We know the earth is getting warmer. And we know the effect climate change has on people’s lives varies based on where you live. Whether your biggest concern is likely to be rising seas, drought, or more intense storms depends on the region you live in, the urban heat island effect will soon be a world-wide phenomenon.
However, one thing not as many people know is that the effect will intensify for anyone living in densely-populated areas.
What is the Urban Heat Island Effect?
The urban heat island effect occurs when:
- Natural surfaces are replaced by concrete and buildings
- A high concentration of people all use energy
- A high concentration of cars let off heat and exhaust
- There is less greenery to remove carbon dioxide (CO2) from the air and provide shade
- Tall buildings block wind movement and have reflective surfaces which multiply the sun’s effects
When you add all that up, you have a contained space that captures and magnifies the heat caused by weather conditions, making it much worse than in areas with a lower density of people.
Should You Be Concerned?
This doesn’t simply mean people in cities will be dealing with hotter days in the summer. The urban heat island effect is projected to cause some serious problems in coming years:
Significant Economic Losses
Analysts predict that the economic effects of climate change will be severe, with cities losing up to 11% of their GDP due to related costs, including:
- The increased price of cooling in a hotter environment
- The effects of dealing with greater air pollution and water quality issues
- A decrease in worker productivity
- A lower desire to be outdoors (which several industries depend on)
A Larger Contribution to Global Warming
The local effects are serious enough, but as people in cities respond to the increased heat by cranking up their ACs and using even more energy, cities will also play an outsized role in contributing to global climate change. When researchers run climate change models that take urban heat islands into effect, it adds an increase of 2°F for the most populated cities, and a global economic cost that’s 2.6 times higher than the predictions that don’t account for it.
7 Steps We Can Take to Reduce Urban Heat Island Damage
It’s not all bad news. Attacking climate change at the global level requires getting countries from all around the world to work together, which is difficult for a wide variety of reasons. Making local moves to reduce the effects of urban heat islands is much more within reach for most cities and can have a positive influence on the global problem as well.
There are a few steps highly populated cities can take to make a difference.
1. Turns roofs green
Many cities have started to turn the space available on roofs into green spaces. This solves two problems at once: it replaces the surface that absorbs heat and makes homes hotter. Plus, it adds more beautiful greenery to the city to help absorb CO2 at the same time.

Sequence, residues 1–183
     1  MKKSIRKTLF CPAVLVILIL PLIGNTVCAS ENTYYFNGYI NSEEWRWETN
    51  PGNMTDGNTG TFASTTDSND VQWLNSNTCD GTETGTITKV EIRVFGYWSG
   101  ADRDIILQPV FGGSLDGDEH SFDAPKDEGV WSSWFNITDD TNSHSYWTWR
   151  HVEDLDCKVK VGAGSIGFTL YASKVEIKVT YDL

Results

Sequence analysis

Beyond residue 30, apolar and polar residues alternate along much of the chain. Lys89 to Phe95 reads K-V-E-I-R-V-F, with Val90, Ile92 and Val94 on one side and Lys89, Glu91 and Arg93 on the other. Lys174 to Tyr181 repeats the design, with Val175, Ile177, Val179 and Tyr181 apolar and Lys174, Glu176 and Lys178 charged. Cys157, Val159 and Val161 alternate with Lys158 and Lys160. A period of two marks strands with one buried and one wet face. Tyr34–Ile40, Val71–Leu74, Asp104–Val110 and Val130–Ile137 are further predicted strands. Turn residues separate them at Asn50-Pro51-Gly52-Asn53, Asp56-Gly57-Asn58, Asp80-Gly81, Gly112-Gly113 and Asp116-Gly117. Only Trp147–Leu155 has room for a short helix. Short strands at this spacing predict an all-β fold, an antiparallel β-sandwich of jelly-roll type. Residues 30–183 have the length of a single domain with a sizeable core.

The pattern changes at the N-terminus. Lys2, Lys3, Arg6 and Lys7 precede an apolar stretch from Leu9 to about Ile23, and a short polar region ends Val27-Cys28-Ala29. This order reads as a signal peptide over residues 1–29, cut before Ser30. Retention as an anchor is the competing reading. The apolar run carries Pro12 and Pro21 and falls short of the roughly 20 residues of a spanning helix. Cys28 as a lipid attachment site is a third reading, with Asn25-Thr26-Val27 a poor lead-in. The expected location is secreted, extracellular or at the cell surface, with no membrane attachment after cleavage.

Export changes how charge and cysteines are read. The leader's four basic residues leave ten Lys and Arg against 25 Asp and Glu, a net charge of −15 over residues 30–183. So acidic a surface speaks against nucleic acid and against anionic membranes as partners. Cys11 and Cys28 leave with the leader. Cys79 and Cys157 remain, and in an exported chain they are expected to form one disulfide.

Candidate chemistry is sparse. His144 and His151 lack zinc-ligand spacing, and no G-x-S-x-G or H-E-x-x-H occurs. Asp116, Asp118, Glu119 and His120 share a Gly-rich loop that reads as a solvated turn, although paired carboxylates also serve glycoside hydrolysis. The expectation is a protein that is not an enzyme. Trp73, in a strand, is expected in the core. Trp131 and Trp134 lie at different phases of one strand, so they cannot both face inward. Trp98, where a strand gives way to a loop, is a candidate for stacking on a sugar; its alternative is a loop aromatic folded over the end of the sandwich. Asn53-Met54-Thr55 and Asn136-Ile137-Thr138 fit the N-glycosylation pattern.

2. Install more cool roofs
While green roofs are ideal, they’re not a practical replacement for all roofs. Another helpful alternative is installing cool roofs that are made of materials designed to reflect the sunlight and heat away from the building rather than capturing it. Researchers predict that cities that replace even just 20% of their current roofs with cool roofs would save 12 times the amount of what the roofs would cost, and would reduce the temperature by close to one degree.
3. Make pavement reflective
Like cool roofs, cities can install cool pavements that are made of materials that reflect heat rather than absorbing it and enhance water evaporation. This both cools the surface of the pavement itself and the air around it.
4. Plan more green spaces
Green roofs are a start, but cities can benefit from more green spaces all around. City planners should look for opportunities to add parks – even small ones – to the city to offset some of the effects of urban development.
5. Plant more trees
Where parks can’t fit, go ahead and at least add some trees. Many cities have already taken on the goal of planting large numbers of trees to help offset pollution, add shade, and improve quality of life for residents.
6. Incentivize a move toward more energy-efficient appliances
One recommendation the EPA offers for reducing heat islands is a switch to more energy-efficient appliances. This is something your average consumer can do to contribute (and a move that will save you money in energy costs), and one that cities can find ways to incentivize.
7. Install sprinklers on roofs
Roof sprinklers, which are currently used primarily in areas prone to wildfires to reduce the damage, can also be used in the fight against the urban heat island effect. The sprinklers cool the roof itself, as well as the air around it through evaporation.
Some cities are already starting to make some of these moves, but as climate change continues to worsen in the coming years, more initiatives designed to respond to and reduce urban heat islands are needed. Solutions exist; we just need to get to work implementing them.